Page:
Playtesting Feedback Tips

IMG_4525A few weeks ago, Valour was tabled FOUR times in one weekend, with four entirely different groups. One group, after having the game significantly stalled early on by an edge case I hadn’t yet considered, soldiered on to completion late into the night.

Overall, feedback was extremely encouraging. Many of the mechanics are feeling more streamlined, and the repeat players all said this was the best session yet. A few systems in the game which are absolutely critical to gameplay are still experiencing some ambiguity and confusion, so those are the next things I need to address.

I’ve seen a lot of posts recently from other first-time designers struggling with how to react to feedback during a playtest. This can be really hard, but I’ve developed a few strategies to make the most of it, no matter what the situation. Putting them down here in hopes they’ll be useful. Continue reading

Recovering from Setbacks

It finally happened — I overcommitted.

I thrive on driving the throttle right to the edge, week in and week out. I despise the word ‘busy’, so I don’t use it, but on balance, I’m not sure what people generally do with downtime, so I fill it with things: pet projects, occasional contract work, blog posts. Like you do. (Right?)

Then, a member of the team I run at my day job departed. The added mental effort and extra hours of covering part of his workload while looking for a replacement pushed me past some kind of threshold. Obviously this is in no way his fault, but upsetting the delicate equilibrium was enough to topple the house of cards. Continue reading

Canterbury: FOR SALE

3229750It’s finally happening.

I’m putting my house in Michigan up for sale. Since I bought it in 2006 while working at the University of Michigan School of Music, Theatre, & Dance, the Canterbury house played witness to countless memories, a few bad, but mostly in the good to great range. Dozens of cookouts, get togethers, and several killer Halloween parties went down there. That house was the backdrop to the best years I spent in Ann Arbor.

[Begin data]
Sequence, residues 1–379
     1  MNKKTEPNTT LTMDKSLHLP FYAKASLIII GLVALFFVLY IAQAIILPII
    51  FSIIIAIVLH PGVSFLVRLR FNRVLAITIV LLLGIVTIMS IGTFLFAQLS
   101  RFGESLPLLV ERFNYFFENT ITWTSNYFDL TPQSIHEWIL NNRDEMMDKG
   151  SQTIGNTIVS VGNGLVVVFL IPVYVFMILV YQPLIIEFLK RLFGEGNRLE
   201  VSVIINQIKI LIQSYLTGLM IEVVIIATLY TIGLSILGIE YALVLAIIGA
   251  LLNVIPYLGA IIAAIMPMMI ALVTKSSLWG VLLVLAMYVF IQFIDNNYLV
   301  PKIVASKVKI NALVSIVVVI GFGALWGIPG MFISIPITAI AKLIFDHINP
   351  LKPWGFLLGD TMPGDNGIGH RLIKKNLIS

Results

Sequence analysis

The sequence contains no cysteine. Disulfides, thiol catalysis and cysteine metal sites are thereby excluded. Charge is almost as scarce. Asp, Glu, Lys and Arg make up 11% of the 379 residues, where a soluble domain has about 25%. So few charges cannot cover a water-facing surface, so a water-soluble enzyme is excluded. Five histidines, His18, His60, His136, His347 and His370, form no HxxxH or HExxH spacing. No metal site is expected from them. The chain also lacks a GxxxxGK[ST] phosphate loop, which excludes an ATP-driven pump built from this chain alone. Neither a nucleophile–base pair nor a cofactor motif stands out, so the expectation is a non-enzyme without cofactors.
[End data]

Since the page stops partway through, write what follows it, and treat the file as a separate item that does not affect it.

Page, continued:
But it’s time. After moving to Boulder in August 2010, I put it up for rent, since the housing market wasn’t favorable, and I had outside hopes of one day turning a profit. It’s been occupied by a number of people in the intervening years, but the dream of ‘investment real estate’ never quite came to fruition. In the best of months (those when it was both occupied, and nothing broke or needed repair), it only cost me a $200-300 difference in the mortgage payment and rent. Times when things did break, the sky was the limit. It’s now April 2015… so you can do the math, because I would prefer not to.

More compelling than the monthly shortfall, however, was the bizarre budgetary reverberation this outflow/inflow caused. Each month, the outflow had to be set aside, and a few days later, a rent payment may or may not show up, dependent on my account balance with my property manager. It finally dawned on my what a snarl this was for my budget and savings goals, so when my current tenants decided not to renew, I contacted my real estate agent to get it on the market.

Here’s the listing.

It’s been quite a journey, homeownership, and I feel like I’ve gotten to learn about all the aspects first hand, but I’m pretty much ready to be away from it for the time being. Writing this has definitely made me wistful in thinking back — I’m going to miss it, and everything it represented to me over the years.

It was a good little house.

Short Story RPG Launched!

header-dunes

A world of adventure, right from your dining room table.

Posting a little late again this week… but it’s been a pretty crazy week!

I rebuild the lead-gen page for Valour, now that I’ve spent the time to put together a lot of the backstory and details, but more importantly…

I just flipped the switch last night on a brand-new website for one of the projects I’ve been cooking quietly over the last year!

Short Story RPG

It’s based on the premise that role playing games are actually a really cool medium for storytelling and human interaction, but complex rules, over-the-top themes, and difficulties with scheduling long-running campaigns all conspire to scare many people off. Continue reading

Valour: The Game

When we left off last week, I had the first physical prototype of my board game in-hand. Not knowing any better, I thought I might be near the end of the road. Now, after countless hours of play testing and revising, I know two things: a) I was WAY off the mark back then, and b) while I don’t yet know exactly where the road ends, I’m moving in the right direction. Read on to see the ins and outs of the current, and hopefully near-final, state of gameplay.